3. The organopolysiloxane of claim 2 wherein the organic radical -A- in structural formula (2) is a divalent hydrocarbon radical which may be interrupted by carbonyl carbon or a heteroatom selected from oxygen, sulfur and nitrogen.
4. The organopolysiloxane of claim 3 wherein the organic radical -A- in structural formula (2) is —CH2CH2CH2NH— or —CH2CH2CH2NHCH2CH2NH—.
5. The organopolysiloxane of claim 1 wherein the alkenyl radical is selected from the group consisting of vinyl, allyl, butenyl, pentenyl, hexenyl, and cyclohexenyl.
6. A method for preparing an organopolysiloxane having triazinethiol and alkenyl radicals in a molecule, comprising the step of reacting an organopolysiloxane having amino-functional and alkenyl radicals on side chains with triazine trithiol.
7. The method of claim 6 wherein the amino-functional radical is 3-aminopropyl or N-(2-aminoethyl)-aminopropyl.
8. A primer composition for adhesion comprising (A) an organopolysiloxane having triazinethiol and alkenyl radicals in a molecule and (B) an organic solvent.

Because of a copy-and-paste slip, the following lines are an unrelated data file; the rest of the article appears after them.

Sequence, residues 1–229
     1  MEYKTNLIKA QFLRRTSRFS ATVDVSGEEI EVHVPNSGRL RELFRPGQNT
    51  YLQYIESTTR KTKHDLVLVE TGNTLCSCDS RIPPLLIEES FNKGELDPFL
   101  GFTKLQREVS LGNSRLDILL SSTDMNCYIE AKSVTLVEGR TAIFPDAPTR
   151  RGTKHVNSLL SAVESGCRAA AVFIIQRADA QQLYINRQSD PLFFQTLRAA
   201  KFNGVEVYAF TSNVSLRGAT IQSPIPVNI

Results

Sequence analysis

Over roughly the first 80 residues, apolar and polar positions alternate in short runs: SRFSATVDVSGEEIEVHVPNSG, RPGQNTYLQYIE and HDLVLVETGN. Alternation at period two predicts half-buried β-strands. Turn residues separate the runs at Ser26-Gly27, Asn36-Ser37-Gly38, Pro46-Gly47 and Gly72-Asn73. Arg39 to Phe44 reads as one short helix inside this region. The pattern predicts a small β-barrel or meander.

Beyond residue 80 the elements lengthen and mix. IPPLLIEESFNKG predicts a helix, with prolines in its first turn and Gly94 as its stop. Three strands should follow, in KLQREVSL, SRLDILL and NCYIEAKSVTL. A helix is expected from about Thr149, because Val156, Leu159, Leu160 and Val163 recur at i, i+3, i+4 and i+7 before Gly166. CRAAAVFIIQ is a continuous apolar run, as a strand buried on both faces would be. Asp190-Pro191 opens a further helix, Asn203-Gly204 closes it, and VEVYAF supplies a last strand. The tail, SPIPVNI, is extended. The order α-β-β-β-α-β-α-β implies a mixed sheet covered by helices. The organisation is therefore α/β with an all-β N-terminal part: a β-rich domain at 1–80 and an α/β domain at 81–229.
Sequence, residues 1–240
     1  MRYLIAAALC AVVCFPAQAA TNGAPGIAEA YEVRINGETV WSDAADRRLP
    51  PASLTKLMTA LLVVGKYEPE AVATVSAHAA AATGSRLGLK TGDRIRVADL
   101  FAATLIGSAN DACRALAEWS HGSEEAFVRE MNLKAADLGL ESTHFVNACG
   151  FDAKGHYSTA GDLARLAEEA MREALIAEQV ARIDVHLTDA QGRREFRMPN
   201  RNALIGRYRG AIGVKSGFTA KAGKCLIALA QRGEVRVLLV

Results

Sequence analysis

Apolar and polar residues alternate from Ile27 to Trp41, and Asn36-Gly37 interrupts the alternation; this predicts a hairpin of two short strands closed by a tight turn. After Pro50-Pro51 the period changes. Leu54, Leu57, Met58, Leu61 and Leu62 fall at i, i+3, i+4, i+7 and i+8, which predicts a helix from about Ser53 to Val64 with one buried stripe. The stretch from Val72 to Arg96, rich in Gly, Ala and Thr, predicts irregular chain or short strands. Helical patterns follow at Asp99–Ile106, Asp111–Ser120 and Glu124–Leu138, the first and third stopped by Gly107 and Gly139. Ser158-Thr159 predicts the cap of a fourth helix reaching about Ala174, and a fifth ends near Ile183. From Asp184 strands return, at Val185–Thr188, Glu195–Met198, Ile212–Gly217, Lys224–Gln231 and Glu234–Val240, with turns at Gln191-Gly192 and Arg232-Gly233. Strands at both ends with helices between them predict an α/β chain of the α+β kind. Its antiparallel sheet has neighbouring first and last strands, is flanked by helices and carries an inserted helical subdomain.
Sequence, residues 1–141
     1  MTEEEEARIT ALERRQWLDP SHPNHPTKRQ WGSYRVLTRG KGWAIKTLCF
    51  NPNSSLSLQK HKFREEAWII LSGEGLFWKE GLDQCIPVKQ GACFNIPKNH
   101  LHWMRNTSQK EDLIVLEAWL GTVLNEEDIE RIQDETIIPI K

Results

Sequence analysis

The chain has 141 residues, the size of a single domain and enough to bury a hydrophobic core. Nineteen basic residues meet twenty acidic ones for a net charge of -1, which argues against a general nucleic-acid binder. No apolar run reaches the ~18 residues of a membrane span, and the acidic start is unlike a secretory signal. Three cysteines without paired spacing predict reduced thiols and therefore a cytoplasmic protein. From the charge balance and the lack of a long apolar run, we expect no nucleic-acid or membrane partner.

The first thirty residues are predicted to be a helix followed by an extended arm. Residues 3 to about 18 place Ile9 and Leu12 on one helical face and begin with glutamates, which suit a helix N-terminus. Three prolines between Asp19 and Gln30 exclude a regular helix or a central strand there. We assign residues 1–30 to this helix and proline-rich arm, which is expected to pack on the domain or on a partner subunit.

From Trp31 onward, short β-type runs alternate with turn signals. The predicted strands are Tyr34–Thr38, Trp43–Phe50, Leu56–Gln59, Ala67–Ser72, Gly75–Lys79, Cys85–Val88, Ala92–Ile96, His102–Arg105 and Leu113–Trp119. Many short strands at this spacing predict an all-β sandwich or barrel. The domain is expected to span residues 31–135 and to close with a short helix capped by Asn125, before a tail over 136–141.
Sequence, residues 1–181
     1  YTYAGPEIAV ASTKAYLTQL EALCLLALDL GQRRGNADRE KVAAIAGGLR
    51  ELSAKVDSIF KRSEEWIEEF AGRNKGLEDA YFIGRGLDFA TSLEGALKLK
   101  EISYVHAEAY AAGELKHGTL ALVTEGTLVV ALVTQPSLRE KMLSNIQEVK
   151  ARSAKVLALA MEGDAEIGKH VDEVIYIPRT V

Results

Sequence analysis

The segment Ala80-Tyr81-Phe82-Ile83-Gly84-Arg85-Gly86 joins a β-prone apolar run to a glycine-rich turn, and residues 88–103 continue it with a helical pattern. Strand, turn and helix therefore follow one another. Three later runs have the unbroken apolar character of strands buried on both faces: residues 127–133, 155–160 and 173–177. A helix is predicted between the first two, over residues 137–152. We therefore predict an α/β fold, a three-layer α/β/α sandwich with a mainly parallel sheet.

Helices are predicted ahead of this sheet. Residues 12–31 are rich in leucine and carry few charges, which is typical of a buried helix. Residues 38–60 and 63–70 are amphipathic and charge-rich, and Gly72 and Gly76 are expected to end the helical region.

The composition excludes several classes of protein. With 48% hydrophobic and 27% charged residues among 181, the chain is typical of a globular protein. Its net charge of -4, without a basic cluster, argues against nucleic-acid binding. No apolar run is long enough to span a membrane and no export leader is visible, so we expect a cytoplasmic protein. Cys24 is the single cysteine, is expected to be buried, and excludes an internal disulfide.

9. The primer composition of claim 8 wherein the organopolysiloxane (A) has the siloxane unit formula (1):

(R1R2R3SiO1/2)a(R4R5SiO2/2)b(R6SiO3/2)c(SiO4/2)d(O1/2X)e  (1)
wherein X is hydrogen or optionally substituted C1-C4 alkyl,
R1 to R6 are C1-C6 alkyl, C2-C10 alkenyl or C6-C10 aromatic hydrocarbon, any one of R1 to R6 contains at least one alkenyl radical and at least one radical of the structural formula (2):
wherein A is a divalent organic radical having one end attached to the triazine ring and another end attached to a silicon atom in the polysiloxane,
the subscripts a, b, c, d and e are numbers which are on the average in the range: 0<a≦0.8, 0<b≦1, 0≦c<1, 0≦d≦0.4, and 0≦e≦0.5, and a+b+c+d=1.
10. The primer composition of claim 9 wherein the divalent organic radical -A- in structural formula (2) is a divalent hydrocarbon radical which may be interrupted by carbonyl carbon or a heteroatom selected from oxygen, sulfur and nitrogen, having one end attached to the triazine ring and another end attached to a silicon atom in the polysiloxane.